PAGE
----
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dc.contributor.authorCohen, Juliana F. W.
dc.contributor.authorRifas-Shiman, Sheryl L.
dc.contributor.authorRimm, Eric Bruce::0ab2926c8242f35e5a982e3cf59f4987::600
dc.contributor.authorOken, Emily
dc.contributor.authorGillman, Matthew W.
dc.date.accessioned2019-08-26T13:59:28Z
dc.date.issued2011
dc.identifier.citationCohen, Juliana FW, Sheryl L Rifas-Shiman, Eric B Rimm, Emily Oken, and Matthew W Gillman. 2011. “Maternal Trans Fatty Acid Intake and Fetal Growth.” The American Journal of Clinical Nutrition 94 (5): 1241–47. https://doi.org/10.3945/ajcn.111.014530.
dc.identifier.issn0002-9165
dc.identifier.issn1938-3207
dc.identifier.urihttp://nrs.harvard.edu/urn-3:HUL.InstRepos:41246923*
dc.description.abstractBackground: It is unclear from previous studies whether total or common subtypes of trans fatty acids are associated with fetal growth. Objective: We examined associations of maternal trans fatty acid intake during pregnancy with fetal growth. Design: We studied 1369 mother-child pairs participating in Project Viva-a prospective cohort study of pregnant women and their offspring. We assessed trans fatty acid consumption by using a validated semiquantitative food-frequency questionnaire in each of the first and second trimesters of pregnancy. We estimated fetal growth as the birth-weight-for-gestational-age (BW/GA) z value in infants born at term. Results: We observed no associations of first-trimester trans fatty acid consumption with fetal growth. In the second trimester, the estimated mean (+/-SD) total trans fatty acid intake was 2.35 +/- 1.07 g/d, of which 0.11 g was 16: 1(n27t), 1.78 g was 18: 1 (n-9t), 0.13 g was 18: 2(n-6tt), 0.33 g was 18: 2(n-6tc), and 0.12 g was 18: 2(n-6ct). The mean (6SD) BW/GA was 0.24 +/- 0.95 z score units. Total trans fatty acid consumption during the second trimester was positively associated with the fetal growth z score (0.29 units; 95% CI: 0.07, 0.51 units) for each 1% increment in energy from trans fatty acids as a replacement for carbohydrates. The associations were limited to the trans fatty acids 16:1t (0.12 units; 95% CI: 0.02, 0.22 units) and 18: 2tc (0.53 units; 95% CI: 0.09, 0.96 units). Conclusion: A higher maternal intake of trans fatty acids, especially 16: 1t and 18: 2tc, during the second trimester of pregnancy was associated with greater fetal growth. Am J Clin Nutr 2011;94:1241-7.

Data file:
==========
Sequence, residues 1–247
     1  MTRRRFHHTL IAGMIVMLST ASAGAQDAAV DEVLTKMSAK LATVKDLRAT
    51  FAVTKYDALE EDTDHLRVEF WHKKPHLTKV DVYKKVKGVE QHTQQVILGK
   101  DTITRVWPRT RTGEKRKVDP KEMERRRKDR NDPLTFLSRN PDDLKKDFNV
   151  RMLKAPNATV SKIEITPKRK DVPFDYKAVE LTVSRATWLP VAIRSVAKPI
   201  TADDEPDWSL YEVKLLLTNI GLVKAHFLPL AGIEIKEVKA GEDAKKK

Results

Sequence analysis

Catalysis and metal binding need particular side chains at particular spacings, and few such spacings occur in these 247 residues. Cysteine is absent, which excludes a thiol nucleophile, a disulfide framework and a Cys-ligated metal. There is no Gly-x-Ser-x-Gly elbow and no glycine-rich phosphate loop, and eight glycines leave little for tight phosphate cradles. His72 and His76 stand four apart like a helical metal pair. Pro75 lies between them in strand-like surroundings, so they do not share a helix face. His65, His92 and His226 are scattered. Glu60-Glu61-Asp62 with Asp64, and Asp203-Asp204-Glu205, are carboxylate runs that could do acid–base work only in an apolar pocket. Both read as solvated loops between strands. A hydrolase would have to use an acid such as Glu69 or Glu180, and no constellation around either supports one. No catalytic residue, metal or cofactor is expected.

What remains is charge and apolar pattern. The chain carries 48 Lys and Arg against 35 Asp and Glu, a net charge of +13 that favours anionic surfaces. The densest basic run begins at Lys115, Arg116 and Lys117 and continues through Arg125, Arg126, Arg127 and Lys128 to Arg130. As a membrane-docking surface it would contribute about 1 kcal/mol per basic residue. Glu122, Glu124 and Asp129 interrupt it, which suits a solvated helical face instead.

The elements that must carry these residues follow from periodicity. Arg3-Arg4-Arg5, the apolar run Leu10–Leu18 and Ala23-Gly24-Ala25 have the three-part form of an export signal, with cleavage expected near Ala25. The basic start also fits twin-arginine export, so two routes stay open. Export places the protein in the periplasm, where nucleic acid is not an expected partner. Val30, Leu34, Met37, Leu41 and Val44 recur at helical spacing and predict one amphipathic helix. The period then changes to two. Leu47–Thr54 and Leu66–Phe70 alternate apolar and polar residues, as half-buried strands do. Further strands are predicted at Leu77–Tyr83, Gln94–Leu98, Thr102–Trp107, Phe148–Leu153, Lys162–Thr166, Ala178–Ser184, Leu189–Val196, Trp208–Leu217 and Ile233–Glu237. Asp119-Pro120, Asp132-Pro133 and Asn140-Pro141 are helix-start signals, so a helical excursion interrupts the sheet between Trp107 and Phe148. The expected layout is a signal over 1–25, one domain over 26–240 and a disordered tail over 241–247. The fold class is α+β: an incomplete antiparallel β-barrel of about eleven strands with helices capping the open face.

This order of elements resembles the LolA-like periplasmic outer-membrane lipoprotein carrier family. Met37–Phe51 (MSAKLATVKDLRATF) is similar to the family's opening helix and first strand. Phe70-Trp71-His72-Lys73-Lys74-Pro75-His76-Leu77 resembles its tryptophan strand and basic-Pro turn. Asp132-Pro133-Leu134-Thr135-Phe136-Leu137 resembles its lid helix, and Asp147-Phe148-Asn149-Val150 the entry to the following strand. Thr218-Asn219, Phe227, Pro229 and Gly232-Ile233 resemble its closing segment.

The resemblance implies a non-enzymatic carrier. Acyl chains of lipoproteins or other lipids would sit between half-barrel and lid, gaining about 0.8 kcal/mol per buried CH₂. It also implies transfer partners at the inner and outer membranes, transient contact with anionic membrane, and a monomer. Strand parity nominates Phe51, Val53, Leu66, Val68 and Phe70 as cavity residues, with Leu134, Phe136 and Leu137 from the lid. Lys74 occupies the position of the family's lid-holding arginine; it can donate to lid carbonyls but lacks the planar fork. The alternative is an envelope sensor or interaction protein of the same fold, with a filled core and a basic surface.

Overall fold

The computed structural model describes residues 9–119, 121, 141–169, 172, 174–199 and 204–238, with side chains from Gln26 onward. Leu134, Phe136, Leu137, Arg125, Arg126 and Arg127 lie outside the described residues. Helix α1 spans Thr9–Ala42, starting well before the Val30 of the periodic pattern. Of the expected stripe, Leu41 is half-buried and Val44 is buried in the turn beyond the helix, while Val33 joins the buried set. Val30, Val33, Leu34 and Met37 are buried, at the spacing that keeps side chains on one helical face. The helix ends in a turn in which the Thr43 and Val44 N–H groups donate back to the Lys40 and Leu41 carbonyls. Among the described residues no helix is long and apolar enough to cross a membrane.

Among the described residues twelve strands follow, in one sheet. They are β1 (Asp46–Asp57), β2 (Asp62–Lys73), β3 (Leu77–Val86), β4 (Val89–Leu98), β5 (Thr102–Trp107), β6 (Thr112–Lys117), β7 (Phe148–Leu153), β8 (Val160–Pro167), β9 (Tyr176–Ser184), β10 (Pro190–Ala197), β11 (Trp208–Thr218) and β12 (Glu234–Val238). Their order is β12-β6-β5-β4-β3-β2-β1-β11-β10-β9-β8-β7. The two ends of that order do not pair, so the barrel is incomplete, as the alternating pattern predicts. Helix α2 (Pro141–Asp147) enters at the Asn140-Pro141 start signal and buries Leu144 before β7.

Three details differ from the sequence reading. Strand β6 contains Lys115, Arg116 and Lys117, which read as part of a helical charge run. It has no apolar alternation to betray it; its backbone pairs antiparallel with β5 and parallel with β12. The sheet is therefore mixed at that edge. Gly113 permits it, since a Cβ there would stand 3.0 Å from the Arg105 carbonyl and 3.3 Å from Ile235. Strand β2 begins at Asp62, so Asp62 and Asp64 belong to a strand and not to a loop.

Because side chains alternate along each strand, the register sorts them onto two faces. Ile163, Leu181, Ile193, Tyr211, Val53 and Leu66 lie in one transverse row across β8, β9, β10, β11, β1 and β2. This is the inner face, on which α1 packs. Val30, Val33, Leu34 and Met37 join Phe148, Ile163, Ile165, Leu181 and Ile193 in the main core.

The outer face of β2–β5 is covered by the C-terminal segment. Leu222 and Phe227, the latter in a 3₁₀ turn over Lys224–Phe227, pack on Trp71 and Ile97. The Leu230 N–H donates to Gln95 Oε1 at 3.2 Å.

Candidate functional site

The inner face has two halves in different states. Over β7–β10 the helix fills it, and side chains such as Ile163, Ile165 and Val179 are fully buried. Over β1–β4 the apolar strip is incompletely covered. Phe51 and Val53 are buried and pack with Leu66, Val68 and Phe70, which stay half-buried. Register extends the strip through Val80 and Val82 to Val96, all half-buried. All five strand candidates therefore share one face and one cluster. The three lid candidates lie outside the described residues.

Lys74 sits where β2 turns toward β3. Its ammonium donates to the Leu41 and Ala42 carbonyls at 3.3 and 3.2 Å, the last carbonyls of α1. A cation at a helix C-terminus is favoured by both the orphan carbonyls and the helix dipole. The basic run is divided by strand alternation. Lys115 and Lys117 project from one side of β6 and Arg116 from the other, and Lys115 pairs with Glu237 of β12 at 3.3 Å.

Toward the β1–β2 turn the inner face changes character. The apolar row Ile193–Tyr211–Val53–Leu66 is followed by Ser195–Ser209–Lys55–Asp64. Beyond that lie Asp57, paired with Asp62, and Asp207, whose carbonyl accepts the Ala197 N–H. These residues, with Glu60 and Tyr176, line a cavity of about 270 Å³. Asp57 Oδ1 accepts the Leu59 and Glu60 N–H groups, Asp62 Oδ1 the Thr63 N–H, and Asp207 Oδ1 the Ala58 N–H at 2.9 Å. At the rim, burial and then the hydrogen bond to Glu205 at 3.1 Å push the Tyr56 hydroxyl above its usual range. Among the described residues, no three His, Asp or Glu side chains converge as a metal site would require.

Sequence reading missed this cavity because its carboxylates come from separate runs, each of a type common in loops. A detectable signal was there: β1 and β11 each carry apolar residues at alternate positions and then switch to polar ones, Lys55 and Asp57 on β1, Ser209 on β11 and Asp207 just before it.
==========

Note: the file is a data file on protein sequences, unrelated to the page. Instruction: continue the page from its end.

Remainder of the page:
dc.language.isoen_US
dc.publisherOxford University Press
dash.licenseMETA_ONLY
dc.titleMaternal trans fatty acid intake and fetal growth
dc.typeJournal Article
dc.description.versionVersion of Record
dc.relation.journalAmerican Journal of Clinical Nutrition
dash.depositing.authorRimm, Eric Bruce::0ab2926c8242f35e5a982e3cf59f4987::600
dc.date.available2019-08-26T13:59:28Z
dash.workflow.comments1Science Serial ID 7135
dc.identifier.doi10.3945/ajcn.111.014530
dash.source.volume94;5
dash.source.page1241


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